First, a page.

State v. Birkman, 198 N.C. 545 (1930)

April 2, 1930 · Supreme Court of North Carolina
198 N.C. 545


(Filed 2 April, 1930.)

Homicide G d — Where accused is without means, his failure to provide proper burial is incompetent as evidence of his having killed his wife.

In a prosecution of a husband for the murder of his wife evidence that he failed to provide or help purchase a coffin and clothes for the burial of the wife is incompetent as evidence of his guilt of her murder when it appears from uncontradicted evidence that the husband was out of a job and without means at the time, and an instruction to the jury that it might consider this circumstance in so far as it related to the defendant’s attitude toward his wife and so far as the jury thought it threw light upon what the defendant did to his wife is reversible error, and the judgment of second degree murder will be set aside and a new trial ordered on appeal.

OeimiNal action, before Johnson, Special Judge, at August Term, 1929, of Cumberland.

Tbe defendant was indicted for killing bis wife. Tbe evidence tended to show that tbe defendant and tbe deceased were married on 4 August, 1929. Tbe deceased died on tbe nigbt of 12 August, 1929. Tbe evidence tended to sbow tbat tbe deceased and ber busband bad bad some dispute on tbe afternoon of August 12tb, and tbat thereafter tbe deceased went to tbe room of Mrs. Sallie Andrews at tbe Palace Hotel in Fay-etteville, arriving there about 8:30 o’clock. Tbe defendant came to their room about 11:30 o’clock, and tbe deceased was lying' on tbe bed. “She jumped up off tbe bed and started fighting Frank, scratching bim in tbe face, and Frank bit ber somewhere between ber breast and her lower body (indicating between ber middle breast line and ber pelvis). . . . He struck ber like tbat (indicating a punch with tbe fist straight out in front, on level about elbows). When be bit ber she just crumpled down, ber bands, bead and all, just went down; she fell on tbe *546floor, and Frank picked ber up in bis arms and threw ber on tbe bed. . . . Frank pulled ber up further on tbe bed and put pillows under ber bead. He said, ‘Old lady, if you ain’t dead, I will beat bell out of you tomorrow.’ Tbe deceased said nothing else and became quiet. Later on in tbe night, after applying ice to ber bead and portions of ber body, a doctor was summoned who pronounced ber dead.”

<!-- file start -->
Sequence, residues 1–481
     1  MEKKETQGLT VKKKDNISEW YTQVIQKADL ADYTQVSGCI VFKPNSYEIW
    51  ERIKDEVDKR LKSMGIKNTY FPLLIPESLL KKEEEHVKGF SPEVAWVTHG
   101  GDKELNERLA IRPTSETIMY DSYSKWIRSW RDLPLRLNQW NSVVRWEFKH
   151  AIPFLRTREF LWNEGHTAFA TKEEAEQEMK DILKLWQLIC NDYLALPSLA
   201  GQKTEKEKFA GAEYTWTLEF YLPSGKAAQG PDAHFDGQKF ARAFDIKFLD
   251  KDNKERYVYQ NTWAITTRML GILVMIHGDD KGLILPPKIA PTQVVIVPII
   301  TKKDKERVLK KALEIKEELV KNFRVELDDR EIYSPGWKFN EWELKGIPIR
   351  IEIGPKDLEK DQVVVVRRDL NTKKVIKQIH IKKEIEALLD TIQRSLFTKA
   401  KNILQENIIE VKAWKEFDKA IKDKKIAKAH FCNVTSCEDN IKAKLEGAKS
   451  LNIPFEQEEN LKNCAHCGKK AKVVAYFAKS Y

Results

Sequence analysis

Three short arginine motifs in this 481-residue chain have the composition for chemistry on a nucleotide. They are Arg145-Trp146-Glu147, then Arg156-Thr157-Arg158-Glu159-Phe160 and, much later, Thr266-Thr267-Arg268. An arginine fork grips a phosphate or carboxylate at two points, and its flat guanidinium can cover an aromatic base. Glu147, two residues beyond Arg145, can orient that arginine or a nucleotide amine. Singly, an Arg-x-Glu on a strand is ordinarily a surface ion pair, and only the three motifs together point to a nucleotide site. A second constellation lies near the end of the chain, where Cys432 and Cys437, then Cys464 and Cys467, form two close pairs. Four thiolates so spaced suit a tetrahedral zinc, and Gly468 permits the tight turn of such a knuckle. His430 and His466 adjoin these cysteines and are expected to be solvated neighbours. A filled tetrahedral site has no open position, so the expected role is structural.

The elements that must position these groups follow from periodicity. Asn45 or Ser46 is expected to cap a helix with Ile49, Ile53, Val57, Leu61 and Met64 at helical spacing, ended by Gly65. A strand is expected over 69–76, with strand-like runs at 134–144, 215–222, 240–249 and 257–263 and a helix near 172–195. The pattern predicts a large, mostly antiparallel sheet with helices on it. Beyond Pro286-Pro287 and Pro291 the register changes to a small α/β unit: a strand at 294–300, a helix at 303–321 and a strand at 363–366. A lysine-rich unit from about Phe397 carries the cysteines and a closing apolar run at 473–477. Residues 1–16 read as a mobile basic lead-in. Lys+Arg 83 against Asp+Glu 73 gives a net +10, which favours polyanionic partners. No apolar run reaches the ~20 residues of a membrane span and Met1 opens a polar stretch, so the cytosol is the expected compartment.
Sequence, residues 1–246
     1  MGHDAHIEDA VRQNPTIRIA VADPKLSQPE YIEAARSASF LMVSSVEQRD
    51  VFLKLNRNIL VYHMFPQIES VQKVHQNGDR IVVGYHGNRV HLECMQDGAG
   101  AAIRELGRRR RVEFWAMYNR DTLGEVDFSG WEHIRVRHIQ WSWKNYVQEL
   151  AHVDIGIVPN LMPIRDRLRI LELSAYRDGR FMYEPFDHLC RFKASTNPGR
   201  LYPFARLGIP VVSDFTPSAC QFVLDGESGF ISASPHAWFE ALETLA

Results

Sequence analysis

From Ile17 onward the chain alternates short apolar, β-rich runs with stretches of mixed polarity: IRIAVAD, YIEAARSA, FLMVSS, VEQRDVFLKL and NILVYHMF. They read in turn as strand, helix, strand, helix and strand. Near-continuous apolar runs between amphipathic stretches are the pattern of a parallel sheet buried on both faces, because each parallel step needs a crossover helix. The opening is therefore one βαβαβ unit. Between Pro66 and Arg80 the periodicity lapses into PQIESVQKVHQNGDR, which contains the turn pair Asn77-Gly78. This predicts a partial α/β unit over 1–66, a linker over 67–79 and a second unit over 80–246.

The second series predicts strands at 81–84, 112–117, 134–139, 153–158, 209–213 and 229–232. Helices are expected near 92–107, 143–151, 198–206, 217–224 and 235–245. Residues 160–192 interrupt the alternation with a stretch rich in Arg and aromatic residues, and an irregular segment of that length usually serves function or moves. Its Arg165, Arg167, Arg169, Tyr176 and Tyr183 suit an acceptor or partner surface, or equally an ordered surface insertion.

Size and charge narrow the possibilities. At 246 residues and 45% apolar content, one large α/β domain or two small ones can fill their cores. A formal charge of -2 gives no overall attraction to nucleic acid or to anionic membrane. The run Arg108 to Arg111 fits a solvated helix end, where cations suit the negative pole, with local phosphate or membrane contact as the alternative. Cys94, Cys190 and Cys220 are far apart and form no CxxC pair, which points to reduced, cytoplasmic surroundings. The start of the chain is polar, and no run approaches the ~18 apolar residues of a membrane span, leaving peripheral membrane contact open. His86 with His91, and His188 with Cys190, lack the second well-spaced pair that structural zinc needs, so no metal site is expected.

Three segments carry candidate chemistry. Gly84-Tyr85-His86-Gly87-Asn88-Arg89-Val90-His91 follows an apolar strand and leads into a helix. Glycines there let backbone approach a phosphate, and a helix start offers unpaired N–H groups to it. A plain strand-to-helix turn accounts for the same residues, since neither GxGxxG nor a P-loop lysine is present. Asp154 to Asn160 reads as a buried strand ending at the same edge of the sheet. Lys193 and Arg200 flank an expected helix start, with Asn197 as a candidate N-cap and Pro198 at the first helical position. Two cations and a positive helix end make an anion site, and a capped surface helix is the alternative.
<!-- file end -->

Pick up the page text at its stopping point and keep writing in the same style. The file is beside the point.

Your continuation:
There was evidence to tbe effect that tbe deceased bad been drinking. Tbe uncontradicted evidence was that tbe defendant bad no job at tbe time of bis wife’s death. His relatives were also without financial means. A sister of deceased, over tbe objection of defendant, was permitted to testify as follows: “I asked him (defendant) about putting ber in a casket, and be said be was not able and be could not get it, and I asked him if be could get bis people to help out, and'be said, ‘No, they were not able.’ I asked him about buying a pair of hose, and be said be did not have tbe money. Me and my father arranged for tbe funeral. Tbe body was carried to McColl to an undertaker’s office, and then we took ber borne. After tbe body got to McColl I did not see Birkman until tbe next morning. He was at Roy McLaurin’s office, in McColl. Roy McLaurin is tbe mayor. Frank did not have much, to say to me. He said we could go ahead and have tbe autopsy made, but that we would find out that she committed suicide. ... I didn’t go along with tbe body to South Carolina. It was not in a coffin. It was first taken to an undertaker’s office and arrangements made to put it in a casket, and then it was carried to my bouse. When tbe body got there it bad tbe same clothes on it. Other clothes were put on tbe body when we took ber back to tbe undertaker’s office.”